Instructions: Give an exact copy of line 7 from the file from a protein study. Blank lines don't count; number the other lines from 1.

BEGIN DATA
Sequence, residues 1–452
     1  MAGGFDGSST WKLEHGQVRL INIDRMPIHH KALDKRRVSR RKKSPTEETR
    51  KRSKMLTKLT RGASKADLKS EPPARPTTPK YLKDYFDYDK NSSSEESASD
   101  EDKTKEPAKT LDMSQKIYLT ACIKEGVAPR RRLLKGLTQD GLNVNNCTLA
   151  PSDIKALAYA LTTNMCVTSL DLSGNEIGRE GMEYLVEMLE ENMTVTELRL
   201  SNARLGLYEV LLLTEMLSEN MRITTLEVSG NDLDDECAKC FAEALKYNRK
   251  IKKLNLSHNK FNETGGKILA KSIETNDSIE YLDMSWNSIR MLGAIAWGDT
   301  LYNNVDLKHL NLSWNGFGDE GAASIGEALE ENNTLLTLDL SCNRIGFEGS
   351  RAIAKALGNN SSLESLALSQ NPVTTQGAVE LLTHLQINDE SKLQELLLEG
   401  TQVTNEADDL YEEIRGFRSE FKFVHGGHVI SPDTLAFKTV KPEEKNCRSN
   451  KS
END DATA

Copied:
   251  IKKLNLSHNK FNETGGKILA KSIETNDSIE YLDMSWNSIR MLGAIAWGDT